And you may start a sentence with And.
You probably learned in grade school:
Never start a sentence with but, and, or any other conjunction.
Not only can you start sentences with a conjunction, but you must—if you want to become a good writer, that is.
Reread the previous sentence. What words started it? The words Not only. What kind of words are they? Right. The correlative conjunction not only . . . but.
One does not have to look far for support of the proper rule. You may certainly use and or but or any other coordinating or correlative conjunction to start a sentence.
Starting a Sentence with And
Here’s Wilson Follett:
A prejudice lingers from a bygone time that sentences should not begin with and. The supposed rule is without foundation in grammar, logic, or art. And can join separate sentences and their meanings just as but can both join sentences and disjoin meanings. Follett, p. 27.
Here’s Henry Fowler:
There is a persistent belief that it is improper to begin a sentence with And, but this prohibition has been cheerfully ignored by standard authors from Anglo-Saxon times onwards. An initial And is a useful aid to writers as the narrative continues. The [Oxford English Dictionary] provides examples from the 9th century to the 19th century, including one from Shakespeare’s King John:
Arthur: Must you with hot Irons, burne out both mine eyes?
Hubert: Young Boy, I must.
Arthur: And will you?
Hubert: And I will.
New Fowler, p. 52.
And one does not have to look far to identify other great writers who use conjunctions as sentence-starters. Justice Oliver Wendell Holmes, for one, was not at all shy about starting a sentence with And:
Courts proceed step by step. And we now have to consider whether the cautious statement in the former case marked the limit of the law . . . . Johnson v. United States, 228 U.S. 457, 458 (1913).
Starting a Sentence with But
Here’s Justice Holmes again, this time using But to start a sentence:
But to many people the superfluous is necessary, and it seems to me that Government does not go beyond its sphere in attempting to make life livable for them. Tyson & Brother v. Banton, 273 U.S. 418, 447 (1927).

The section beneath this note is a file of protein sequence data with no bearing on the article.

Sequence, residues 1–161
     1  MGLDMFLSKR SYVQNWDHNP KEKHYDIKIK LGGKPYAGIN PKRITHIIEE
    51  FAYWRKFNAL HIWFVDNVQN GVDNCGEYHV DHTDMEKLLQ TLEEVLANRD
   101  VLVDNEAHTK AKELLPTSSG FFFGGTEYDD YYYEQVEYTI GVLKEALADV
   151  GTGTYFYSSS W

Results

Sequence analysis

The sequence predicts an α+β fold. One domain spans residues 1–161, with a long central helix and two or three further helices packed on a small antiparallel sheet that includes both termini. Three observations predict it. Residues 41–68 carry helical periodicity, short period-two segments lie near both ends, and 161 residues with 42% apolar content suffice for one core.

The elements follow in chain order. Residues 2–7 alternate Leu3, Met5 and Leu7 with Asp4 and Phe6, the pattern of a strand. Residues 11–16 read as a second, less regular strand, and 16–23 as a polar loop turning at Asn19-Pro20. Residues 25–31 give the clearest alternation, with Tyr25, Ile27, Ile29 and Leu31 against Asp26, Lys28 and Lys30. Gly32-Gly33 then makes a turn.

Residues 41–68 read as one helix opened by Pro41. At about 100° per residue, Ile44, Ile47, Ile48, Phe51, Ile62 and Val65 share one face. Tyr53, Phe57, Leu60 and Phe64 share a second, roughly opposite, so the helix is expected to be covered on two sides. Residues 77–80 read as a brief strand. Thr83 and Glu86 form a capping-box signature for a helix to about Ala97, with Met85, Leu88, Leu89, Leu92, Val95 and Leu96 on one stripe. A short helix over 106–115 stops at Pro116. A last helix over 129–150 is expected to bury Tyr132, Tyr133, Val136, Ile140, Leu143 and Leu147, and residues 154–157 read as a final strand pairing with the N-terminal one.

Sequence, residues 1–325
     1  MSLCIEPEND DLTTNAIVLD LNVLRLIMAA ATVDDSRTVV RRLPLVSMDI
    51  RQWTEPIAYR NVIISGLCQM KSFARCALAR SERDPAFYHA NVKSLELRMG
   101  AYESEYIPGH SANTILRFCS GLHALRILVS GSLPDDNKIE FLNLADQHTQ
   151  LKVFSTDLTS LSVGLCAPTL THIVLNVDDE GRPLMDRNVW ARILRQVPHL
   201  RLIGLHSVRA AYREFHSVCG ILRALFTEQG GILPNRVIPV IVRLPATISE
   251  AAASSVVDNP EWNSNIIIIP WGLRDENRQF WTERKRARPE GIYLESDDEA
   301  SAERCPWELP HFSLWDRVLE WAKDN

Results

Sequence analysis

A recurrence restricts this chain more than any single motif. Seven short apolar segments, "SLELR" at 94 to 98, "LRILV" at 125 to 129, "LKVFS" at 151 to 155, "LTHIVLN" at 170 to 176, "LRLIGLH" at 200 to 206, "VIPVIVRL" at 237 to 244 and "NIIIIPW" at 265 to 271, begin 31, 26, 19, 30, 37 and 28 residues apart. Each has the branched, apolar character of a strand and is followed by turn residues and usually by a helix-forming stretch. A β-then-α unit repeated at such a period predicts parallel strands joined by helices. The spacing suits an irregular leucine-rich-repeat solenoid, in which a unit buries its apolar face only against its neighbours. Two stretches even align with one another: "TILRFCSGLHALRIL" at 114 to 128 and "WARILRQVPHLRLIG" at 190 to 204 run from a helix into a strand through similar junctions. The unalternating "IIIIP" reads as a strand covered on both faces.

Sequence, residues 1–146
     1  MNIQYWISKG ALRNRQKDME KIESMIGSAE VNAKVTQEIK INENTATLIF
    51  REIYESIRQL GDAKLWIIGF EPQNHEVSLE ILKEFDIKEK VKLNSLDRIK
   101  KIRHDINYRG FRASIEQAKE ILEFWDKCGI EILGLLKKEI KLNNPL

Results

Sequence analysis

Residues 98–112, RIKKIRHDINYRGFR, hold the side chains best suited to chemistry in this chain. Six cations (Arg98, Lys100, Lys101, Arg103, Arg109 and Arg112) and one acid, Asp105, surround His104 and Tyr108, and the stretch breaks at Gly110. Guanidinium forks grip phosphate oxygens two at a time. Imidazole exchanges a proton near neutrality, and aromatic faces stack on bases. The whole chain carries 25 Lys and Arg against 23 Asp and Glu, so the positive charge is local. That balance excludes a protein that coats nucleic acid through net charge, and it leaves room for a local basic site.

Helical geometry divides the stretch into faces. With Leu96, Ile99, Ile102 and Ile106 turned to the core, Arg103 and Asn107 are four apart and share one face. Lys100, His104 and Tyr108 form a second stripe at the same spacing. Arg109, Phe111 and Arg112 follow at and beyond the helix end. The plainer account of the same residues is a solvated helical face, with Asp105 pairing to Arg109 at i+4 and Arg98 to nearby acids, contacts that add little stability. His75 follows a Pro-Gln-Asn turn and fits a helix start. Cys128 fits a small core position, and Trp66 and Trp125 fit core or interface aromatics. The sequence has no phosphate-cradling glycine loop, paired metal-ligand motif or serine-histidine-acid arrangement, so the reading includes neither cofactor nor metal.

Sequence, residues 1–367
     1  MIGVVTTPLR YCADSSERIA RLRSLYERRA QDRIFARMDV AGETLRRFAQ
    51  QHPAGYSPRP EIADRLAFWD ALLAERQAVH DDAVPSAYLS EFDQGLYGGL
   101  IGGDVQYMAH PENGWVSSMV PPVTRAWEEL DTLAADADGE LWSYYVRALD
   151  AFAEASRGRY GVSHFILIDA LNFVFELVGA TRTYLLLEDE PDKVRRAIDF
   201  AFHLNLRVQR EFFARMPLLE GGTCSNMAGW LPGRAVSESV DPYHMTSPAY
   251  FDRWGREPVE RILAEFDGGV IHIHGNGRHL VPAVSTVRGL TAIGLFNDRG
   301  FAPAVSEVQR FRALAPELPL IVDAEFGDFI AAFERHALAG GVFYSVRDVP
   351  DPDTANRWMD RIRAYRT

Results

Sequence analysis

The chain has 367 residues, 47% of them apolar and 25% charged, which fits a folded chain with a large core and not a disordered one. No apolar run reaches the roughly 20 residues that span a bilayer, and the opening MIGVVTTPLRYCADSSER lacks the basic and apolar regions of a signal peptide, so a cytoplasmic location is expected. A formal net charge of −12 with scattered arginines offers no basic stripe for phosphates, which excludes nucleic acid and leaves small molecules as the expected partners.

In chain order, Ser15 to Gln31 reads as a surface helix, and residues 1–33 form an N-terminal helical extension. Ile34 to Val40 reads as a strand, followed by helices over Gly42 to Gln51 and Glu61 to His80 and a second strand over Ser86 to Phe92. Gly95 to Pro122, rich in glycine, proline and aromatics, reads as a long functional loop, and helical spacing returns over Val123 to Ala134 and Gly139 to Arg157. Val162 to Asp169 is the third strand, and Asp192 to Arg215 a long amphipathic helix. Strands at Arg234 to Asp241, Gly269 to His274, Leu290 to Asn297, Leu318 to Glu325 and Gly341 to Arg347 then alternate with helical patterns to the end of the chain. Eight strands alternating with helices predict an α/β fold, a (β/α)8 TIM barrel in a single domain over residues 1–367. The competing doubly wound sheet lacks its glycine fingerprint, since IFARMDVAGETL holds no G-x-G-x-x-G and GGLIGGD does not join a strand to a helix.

Here’s Justice Hugo Black:
The Framers knew, better perhaps than we do today, the risks they were taking. They knew that free speech might be the friend of change and revolution. But they also knew that it is always the deadliest enemy of tyranny. Hugo Black, The Bill of Rights, 35 N.Y.U. L. Rev. 865, 880-81 (1960).
Here’s Justice Robert Jackson, who also served as chief prosecutor at the Nuremberg Trials and is regarded by many as one of the best writers ever to sit on the Supreme Court:
This diversification of appellate authority inevitably produces conflict of decision, even if review is limited to questions of law. But conflicts are multiplied by treating as questions of law what really are disputes over proper accounting. Dobson v. Commissioner, 320 U.S. 489, 498-99 (1943).
Starting a Sentence with So
And here’s The Washington Post, in its lead editorial on June 25, 2001, appropriately entitled “And Now to Spend”:
So now it’s spending time, and you guessed it: They’re spending anyway. Nor is it the case . . . that only profligate Democrats are pushing for increases while virtuous Republicans resist. When the Democrats took control of the Senate, Republicans were quick to say that there went fiscal discipline. But in fact they’re both at it; spending is the most bipartisan activity in Washington. And most of the action thus far has been in the Republican House. “And Now to Spend,” The Washington Post, June 25, 2001, p. A14.
Need more proof? Read the first sentence in the third paragraph of the Gettysburg Address. Surely President Lincoln knew how to arrange his words:
But, in a larger sense, we can not dedicate—we can not consecrate—we can not hallow—this ground. The brave men, living and dead, who struggled here, have consecrated it, far above our poor power to add or detract.
Start a Sentence with Any Conjunction
Have we finally put that myth to rest?
When you exercise your new writing muscles and use conjunctions to start sentences, make certain you do not put a comma immediately after the conjunction. Study the examples above. You will use a comma when you begin a parenthetical pause, as Lincoln did with his “in a larger sense.” But a single comma does not follow the conjunction beginning a sentence.
So go ahead and start sentences with conjunctions. For your writing will improve dramatically. And you’ll help your reader along as you move from sentence to sentence. But if you have trouble convincing your colleagues or professors of the superiority of this style, then send them to Grammar.com and urge them to download the eBook Understanding the Parts of Speech.
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